The Millennium will also be a time of restoration. This is the dominant idea in the phrase “the times of the restitution of all things.” Notice the comprehensiveness of Peter’s statement, “all things” will be restored in that day. So much was lost in the fall. Humanity was debased and depraved, and with it all of creation was “made subject to vanity” and brought into “the bondage of corruption” (Rom 8:20-21). In this bondage, it groans and travails in pain to the present day. Adam’s disobedience caused far-reaching devastation. But at Calvary, the Savior “restored that which [He] took not away” (Psa 69:4). The restoration accomplished by His work at the Cross has yet to be fully realized, but, as the Redeemer is revealed, and we are manifest with Him, the creation will be delivered from this bondage, “into the glorious liberty of the children of God” (Rom 8:21).

But the Holy Spirit, through Peter, extends the scope of “all things” beyond the restoration of a fallen creation to the Abrahamic covenant, and its Millennial fulfilment: “Ye are the children of … the covenant which God made with our fathers, saying unto Abraham, and in thy seed shall all the kindreds of the earth be blessed” (Acts 3:25). At the time when Peter spoke, Israel had fallen to a low point, but here, a few decades later, she would fall even further. They would learn the bitter reality of the burden they had so lightly assumed when they cried “His blood be upon us and on our children” (Matt 27:24-25).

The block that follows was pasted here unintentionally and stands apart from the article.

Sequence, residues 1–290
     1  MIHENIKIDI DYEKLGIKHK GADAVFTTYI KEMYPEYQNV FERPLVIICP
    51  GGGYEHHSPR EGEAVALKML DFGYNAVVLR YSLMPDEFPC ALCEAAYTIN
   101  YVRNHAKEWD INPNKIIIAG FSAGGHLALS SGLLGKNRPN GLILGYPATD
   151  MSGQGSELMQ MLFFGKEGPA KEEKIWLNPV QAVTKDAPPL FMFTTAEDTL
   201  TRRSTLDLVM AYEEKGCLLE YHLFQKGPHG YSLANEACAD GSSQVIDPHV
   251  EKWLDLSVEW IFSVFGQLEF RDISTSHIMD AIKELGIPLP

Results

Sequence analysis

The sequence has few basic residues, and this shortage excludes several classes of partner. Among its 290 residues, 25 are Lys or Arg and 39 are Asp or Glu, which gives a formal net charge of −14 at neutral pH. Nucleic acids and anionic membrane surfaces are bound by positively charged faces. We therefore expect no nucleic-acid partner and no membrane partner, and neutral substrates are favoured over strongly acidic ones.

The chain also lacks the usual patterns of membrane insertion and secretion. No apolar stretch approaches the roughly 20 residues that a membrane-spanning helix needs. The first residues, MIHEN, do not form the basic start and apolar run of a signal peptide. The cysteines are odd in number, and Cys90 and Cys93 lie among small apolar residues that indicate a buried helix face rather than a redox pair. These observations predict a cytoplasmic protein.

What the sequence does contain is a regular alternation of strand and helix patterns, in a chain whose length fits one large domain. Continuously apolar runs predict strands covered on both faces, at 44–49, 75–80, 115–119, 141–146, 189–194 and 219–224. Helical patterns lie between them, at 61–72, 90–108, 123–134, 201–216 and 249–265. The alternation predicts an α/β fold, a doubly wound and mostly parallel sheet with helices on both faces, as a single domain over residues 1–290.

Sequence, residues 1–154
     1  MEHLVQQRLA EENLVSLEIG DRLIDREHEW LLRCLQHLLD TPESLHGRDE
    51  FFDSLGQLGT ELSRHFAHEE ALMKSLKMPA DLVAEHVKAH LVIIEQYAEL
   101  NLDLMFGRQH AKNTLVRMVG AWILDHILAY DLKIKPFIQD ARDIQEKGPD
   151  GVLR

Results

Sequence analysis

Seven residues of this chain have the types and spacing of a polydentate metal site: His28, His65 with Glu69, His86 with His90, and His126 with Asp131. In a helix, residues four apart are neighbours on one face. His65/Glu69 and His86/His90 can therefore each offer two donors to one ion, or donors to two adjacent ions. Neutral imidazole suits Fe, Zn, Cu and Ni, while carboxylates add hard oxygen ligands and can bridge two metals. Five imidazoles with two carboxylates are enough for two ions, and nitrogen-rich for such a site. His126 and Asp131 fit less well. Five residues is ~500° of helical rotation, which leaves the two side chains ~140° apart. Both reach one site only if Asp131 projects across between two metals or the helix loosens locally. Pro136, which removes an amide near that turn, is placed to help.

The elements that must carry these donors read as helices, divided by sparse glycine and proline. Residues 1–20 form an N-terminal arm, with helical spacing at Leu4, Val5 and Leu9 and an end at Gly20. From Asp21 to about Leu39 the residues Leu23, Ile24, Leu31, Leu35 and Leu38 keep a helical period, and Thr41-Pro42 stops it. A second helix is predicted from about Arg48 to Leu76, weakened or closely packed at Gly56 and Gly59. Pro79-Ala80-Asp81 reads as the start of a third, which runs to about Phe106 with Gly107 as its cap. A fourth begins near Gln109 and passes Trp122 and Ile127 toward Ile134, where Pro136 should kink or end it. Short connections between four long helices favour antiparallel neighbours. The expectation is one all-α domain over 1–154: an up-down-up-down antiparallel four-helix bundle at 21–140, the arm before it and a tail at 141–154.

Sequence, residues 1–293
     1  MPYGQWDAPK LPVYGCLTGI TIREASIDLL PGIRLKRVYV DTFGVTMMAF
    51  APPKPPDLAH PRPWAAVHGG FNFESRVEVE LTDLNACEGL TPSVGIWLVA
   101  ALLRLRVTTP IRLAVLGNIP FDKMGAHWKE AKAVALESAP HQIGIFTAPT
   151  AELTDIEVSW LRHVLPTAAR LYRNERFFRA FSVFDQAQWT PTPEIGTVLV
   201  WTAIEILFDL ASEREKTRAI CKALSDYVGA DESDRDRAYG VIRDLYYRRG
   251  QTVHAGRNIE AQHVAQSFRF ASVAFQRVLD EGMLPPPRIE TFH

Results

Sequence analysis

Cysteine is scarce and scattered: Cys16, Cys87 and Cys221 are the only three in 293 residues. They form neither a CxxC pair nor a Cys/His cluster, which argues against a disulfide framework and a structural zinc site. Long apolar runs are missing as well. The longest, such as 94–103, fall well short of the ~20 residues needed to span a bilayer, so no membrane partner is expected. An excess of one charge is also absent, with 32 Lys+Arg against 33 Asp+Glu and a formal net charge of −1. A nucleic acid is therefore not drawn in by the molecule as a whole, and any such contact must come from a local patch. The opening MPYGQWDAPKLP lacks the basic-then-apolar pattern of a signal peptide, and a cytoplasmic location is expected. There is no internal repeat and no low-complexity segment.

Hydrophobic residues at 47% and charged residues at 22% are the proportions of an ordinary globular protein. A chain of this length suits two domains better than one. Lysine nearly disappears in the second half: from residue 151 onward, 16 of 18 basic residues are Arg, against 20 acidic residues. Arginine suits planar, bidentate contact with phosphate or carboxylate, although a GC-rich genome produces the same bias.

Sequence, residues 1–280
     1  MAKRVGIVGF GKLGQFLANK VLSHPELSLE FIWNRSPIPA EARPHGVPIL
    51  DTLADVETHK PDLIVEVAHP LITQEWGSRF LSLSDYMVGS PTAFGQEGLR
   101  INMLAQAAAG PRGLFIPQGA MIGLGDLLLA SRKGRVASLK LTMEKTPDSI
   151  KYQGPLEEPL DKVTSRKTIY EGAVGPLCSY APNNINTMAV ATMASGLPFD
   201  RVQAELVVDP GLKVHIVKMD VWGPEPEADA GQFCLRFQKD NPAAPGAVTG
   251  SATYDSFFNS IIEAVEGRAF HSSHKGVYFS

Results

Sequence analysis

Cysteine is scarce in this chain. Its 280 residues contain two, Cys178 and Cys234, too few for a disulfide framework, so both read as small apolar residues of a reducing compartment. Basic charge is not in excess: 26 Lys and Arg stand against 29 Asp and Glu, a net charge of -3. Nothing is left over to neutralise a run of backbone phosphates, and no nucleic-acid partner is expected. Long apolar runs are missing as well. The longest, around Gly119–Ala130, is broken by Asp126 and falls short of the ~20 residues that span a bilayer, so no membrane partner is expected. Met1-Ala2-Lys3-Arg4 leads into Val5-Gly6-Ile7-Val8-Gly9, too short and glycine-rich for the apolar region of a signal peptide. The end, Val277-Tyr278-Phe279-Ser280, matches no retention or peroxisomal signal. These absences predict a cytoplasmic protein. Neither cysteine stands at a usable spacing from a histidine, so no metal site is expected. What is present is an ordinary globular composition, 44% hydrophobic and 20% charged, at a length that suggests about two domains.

The great wonder of God’s program for the nation is that, in spite of their rejection of the Messiah, they have not “stumbled that they should fall” (Rom 11:11). Rather, “blindness in part is happened to Israel, until the fulness of the Gentiles be come in. And so all Israel shall be saved” (Rom 11:25-27). We cannot allow the pernicious doctrines of Replacement Theology to erode our appreciation of the faithfulness of God. The Church has neither replaced nor displaced Israel, and the time will come when all will be restored, and she will be “the head, and not the tail” (Deut 28:13).